As confirmed by Peplink support, it is not currently possible to NAT IPsec traffic on VPN tunnels terminated on a Balance – sometimes also referred to as D-NAT or S-NAT. We must use another device to perform the NAT before routing to the Balance.
It would be a great benefit to add this NAT functionality to the Balance firmware – many site-to-site VPN tunnels interfacing with Juniper/Cisco equipment require all tunnel traffic to originate from a single IP address (aka. “proxy ID”).
Proxy ID is usually defined in the format of x.x.x.x/y which is actually a subnet and not a single IP address. Would you mind to share your Cisco config with us so we can have a check and see if we can help solving the problem?
For this tunnel, our counterparty is requiring us to use a Proxy ID of A.B.C.D/32 for all vpn traffic. This Proxy ID is different than the tunnel endpoint/peer IP.
Here is an equivalent Cisco config:
access-list tunnel_acl permit ip A.B.C.D 255.255.255.255 10.10.76.0 255.255.255.0
access-list tunnel_acl permit ip A.B.C.D 255.255.255.255 10.10.127.214 255.255.255.255
access-list tunnel_nat permit ip 10.0.0.0 255.255.255.0 10.10.76.0 255.255.255.0
access-list tunnel_nat permit ip 10.0.0.0 255.255.255.0 10.10.127.214 255.255.255.255
crypto map test 8 ipsec-isakmp
crypto map test 8 match address tunnel_acl
crypto map test 8 set peer W.X.Y.Z
And here is an equivalent LibreSwan/OpenSwan & IPtables config:
Thanks Aaron, it’s clear now, this definitely make sense.
The main idea of this feature is NAT before the packets go into the IPsec tunnel, it can be translated to a single /32 IP address just like your example above, and we are also considering another use case to do a 1-to-1 NAT mapping, just like the iptables NETMAP extensions do, to help our IPsec users to avoid any network conflict.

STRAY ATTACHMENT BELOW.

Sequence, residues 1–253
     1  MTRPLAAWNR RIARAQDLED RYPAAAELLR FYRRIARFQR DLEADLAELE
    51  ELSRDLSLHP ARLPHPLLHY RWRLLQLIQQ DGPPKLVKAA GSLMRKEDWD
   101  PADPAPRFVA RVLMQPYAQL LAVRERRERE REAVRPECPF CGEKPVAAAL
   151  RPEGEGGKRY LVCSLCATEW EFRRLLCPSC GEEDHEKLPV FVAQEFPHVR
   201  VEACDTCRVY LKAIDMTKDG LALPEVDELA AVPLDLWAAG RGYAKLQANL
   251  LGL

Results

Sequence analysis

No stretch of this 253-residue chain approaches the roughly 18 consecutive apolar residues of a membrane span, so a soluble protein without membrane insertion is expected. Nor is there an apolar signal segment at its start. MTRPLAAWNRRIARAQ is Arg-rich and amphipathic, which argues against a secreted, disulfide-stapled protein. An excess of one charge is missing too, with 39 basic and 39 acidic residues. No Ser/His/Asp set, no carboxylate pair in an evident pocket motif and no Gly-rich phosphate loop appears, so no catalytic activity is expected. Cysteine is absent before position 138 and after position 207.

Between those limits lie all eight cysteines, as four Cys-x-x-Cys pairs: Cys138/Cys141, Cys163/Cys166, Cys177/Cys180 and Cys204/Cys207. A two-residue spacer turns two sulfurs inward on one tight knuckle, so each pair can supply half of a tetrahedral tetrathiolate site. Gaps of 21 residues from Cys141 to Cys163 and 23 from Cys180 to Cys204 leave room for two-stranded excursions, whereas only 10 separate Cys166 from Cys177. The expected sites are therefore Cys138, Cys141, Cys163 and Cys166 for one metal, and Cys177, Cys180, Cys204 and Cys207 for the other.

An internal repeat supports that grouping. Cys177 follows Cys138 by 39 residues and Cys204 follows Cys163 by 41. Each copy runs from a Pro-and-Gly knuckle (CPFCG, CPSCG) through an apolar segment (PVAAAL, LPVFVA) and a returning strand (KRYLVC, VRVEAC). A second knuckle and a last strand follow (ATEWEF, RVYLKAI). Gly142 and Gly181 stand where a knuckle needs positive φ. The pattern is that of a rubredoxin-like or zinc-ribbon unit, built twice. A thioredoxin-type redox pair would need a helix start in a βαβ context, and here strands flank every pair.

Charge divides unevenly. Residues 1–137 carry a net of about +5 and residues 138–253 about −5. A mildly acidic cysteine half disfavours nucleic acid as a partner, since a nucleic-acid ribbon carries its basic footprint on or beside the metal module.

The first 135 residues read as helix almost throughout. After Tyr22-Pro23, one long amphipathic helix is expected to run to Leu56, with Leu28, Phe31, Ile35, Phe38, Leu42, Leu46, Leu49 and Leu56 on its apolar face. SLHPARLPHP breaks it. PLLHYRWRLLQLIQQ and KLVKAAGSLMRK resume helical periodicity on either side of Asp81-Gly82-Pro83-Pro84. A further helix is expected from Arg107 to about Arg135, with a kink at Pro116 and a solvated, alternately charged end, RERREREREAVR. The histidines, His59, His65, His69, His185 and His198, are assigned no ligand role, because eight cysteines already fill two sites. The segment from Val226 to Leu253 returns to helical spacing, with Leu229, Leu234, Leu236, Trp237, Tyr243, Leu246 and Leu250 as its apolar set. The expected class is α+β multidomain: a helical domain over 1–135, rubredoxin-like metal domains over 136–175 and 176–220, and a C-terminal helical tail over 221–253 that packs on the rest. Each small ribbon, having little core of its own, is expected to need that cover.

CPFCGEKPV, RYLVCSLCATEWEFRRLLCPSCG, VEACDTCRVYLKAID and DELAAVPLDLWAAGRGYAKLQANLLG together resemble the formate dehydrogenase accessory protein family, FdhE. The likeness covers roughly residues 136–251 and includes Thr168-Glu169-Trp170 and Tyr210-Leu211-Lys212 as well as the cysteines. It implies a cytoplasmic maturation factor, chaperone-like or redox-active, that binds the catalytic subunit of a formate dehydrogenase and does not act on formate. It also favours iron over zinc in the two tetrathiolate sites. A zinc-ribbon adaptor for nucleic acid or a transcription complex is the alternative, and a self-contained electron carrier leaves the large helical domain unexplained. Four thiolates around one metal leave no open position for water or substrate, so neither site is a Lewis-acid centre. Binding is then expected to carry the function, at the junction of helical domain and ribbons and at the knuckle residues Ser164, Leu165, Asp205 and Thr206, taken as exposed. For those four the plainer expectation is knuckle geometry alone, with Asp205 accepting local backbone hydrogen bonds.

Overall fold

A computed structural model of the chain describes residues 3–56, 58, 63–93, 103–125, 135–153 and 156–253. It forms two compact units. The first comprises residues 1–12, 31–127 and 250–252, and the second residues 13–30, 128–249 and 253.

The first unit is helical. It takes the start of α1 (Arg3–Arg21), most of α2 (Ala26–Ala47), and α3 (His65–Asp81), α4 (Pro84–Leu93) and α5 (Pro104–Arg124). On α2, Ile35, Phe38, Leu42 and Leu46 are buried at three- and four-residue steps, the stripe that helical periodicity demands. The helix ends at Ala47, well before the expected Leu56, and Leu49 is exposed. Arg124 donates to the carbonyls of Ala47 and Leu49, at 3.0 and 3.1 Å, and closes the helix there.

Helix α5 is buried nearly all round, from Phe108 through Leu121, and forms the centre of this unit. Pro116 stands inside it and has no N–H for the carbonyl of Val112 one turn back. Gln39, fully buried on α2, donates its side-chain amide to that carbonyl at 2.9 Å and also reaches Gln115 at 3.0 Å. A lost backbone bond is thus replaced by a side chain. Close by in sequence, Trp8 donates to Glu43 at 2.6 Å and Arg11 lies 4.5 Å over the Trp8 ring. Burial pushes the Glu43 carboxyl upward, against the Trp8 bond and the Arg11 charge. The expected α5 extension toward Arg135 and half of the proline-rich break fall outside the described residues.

I have queued this up on our development roadmap, I can’t give you an exact date of release, but we’ll definitely look into this. Stay tuned.
A new section will then appear in Local Networks settings, in the upper part you can define the proposed networks (that the remote IPsec gateway will see, probably the virtual NAT network), and in the lower part you can define the NAT policy, Local Network is the real network that exist on the device (e.g. LAN, VLAN, or static routes), NAT Network is the translated virtual network that you need.
Some configuration examples have been given in the Local Networks help text, if there is anything not clear, please don’t hesitate to ask and we will clean it up and push them to the final 6.3.0 GA release. Thank you so much for your patience to wait for the feature and I hope this will fit your needs